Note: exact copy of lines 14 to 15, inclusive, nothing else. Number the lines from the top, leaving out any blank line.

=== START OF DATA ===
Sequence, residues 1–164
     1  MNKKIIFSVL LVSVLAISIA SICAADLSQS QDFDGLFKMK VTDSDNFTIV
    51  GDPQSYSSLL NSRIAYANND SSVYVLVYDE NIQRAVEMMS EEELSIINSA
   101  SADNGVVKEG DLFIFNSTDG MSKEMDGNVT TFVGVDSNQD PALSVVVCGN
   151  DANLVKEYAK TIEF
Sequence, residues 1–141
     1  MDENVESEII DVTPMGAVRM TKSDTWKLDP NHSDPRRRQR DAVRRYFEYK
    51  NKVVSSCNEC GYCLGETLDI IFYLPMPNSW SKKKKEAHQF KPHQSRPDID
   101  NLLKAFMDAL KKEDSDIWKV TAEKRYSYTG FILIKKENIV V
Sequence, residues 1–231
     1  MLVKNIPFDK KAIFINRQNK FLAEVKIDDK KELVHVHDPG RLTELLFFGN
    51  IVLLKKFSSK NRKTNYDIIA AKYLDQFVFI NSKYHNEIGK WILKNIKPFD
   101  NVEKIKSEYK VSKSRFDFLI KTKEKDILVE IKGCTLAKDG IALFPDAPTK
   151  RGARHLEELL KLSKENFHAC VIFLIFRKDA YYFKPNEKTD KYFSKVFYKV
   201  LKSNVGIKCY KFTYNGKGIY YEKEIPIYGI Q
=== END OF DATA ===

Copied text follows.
   151  RGARHLEELL KLSKENFHAC VIFLIFRKDA YYFKPNEKTD KYFSKVFYKV
   201  LKSNVGIKCY KFTYNGKGIY YEKEIPIYGI Q